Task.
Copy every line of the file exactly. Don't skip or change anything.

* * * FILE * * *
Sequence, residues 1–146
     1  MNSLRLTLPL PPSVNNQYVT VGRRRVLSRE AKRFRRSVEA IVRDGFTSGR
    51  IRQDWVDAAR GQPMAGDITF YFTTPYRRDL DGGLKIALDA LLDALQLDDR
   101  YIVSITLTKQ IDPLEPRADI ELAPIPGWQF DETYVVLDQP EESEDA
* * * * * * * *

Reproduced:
Sequence, residues 1–146
     1  MNSLRLTLPL PPSVNNQYVT VGRRRVLSRE AKRFRRSVEA IVRDGFTSGR
    51  IRQDWVDAAR GQPMAGDITF YFTTPYRRDL DGGLKIALDA LLDALQLDDR
   101  YIVSITLTKQ IDPLEPRADI ELAPIPGWQF DETYVVLDQP EESEDA